The good news is that, with help from many sources, the problem was solved within 24 hours! Here’s how. After realizing that the LED puck lights where so bad I’d rather leave them off permanently than ever turn them on, I remembered that when I had taken the “Underground Fort Collins” tour with my daughter’s Girl Scout troop many years ago, they showed us how they turned some sidewalk lights different colors; they simply put colored cellophane over the fluorescent light fixture that lit the lights from under the sidewalk. So I opened the flashlight app on my cell phone and turned the light to a warm (orange) color and placed the cell phone (with the flashlight app running) into the glass-front cabinet. That confirmed that the right light provided the affect I was seeking. The next morning my good-natured husband dashed to Hobby Lobby to retrieve yellow and orange cellophane wrapping. We put squares of it over the puck lights, experimented with color combinations, and as of right now think we’ll go with two layers of orange over each 2700K LED. That makes the color as warm as a campfire under a starry sky. (Notice the one unfiltered light on the left in the photo above.)
While this trend toward LED lights is a source of many Tech Frustrations around our house, I get that it is good for the environment and my budget and now understand a lot more about how to pick them in the future. Thanks to info gathered from the Internet, technology in my cell phone, and the patience and perseverance of my husband and dad, all’s well that ends well. And the solution only cost $6.34!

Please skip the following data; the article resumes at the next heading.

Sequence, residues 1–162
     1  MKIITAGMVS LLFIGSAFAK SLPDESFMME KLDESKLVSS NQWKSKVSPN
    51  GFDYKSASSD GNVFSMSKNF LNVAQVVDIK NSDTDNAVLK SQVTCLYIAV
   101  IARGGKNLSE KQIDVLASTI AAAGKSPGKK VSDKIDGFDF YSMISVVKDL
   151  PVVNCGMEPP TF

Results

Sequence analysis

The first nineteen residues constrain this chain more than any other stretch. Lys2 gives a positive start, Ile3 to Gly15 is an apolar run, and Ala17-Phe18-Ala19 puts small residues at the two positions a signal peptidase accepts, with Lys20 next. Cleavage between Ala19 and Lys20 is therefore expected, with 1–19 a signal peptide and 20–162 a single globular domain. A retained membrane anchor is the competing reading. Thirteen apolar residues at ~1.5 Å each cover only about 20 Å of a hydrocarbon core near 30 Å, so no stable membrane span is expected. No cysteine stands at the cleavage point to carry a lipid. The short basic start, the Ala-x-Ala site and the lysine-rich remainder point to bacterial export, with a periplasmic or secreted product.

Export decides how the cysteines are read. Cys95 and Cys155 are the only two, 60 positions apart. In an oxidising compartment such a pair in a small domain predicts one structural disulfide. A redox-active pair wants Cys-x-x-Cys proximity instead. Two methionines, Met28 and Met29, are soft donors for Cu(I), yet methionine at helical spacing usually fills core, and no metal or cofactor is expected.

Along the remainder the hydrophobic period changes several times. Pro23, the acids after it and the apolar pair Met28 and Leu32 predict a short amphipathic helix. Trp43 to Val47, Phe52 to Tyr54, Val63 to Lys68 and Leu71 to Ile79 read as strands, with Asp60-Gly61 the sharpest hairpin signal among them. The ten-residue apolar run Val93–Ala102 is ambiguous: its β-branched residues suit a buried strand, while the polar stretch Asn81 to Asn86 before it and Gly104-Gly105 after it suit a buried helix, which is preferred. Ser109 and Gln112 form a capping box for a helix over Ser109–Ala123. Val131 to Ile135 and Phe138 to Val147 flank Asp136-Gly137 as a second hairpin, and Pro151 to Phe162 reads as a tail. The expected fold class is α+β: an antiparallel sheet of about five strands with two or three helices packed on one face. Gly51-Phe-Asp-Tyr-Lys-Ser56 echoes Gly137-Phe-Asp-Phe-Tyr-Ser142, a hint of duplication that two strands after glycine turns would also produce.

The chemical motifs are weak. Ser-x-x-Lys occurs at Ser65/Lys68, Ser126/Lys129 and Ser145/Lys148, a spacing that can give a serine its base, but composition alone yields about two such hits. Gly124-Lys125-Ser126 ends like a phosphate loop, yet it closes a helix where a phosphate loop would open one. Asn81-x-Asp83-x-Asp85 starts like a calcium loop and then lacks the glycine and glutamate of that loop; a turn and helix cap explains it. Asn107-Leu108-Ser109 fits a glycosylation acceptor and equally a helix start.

If you are also particular about lighting and have learned anything interesting, please share! I found the new Philips Hue lights intriguing, but am really only interested in the warm colors and a bit put off by the high price tag. I may eventually upgrade the homemade cellophane filters to correction light gel filters and found this Ikea Hack article interesting too.
Monday morning our Internet went out. We’d seen an Xfinity truck on our street, so figured they were working on the problem and it would be fixed soon. After about four hours, we called to see what we could learn. We learned that they already knew that our service was out, and they were waiting for us to call so that they could schedule an appointment to come out and fix the problem.
We also have phone-service through Comcast/Xfinity, and it was out too, so it’s possible they thought they couldn’t call us. (Although they later proved they knew our cell phone numbers). My husband scheduled the first available appointment; 9:00 am the next morning. But that wasn’t good enough for me. I called them back. At least five times. Here’s what they told me (over the course of those calls):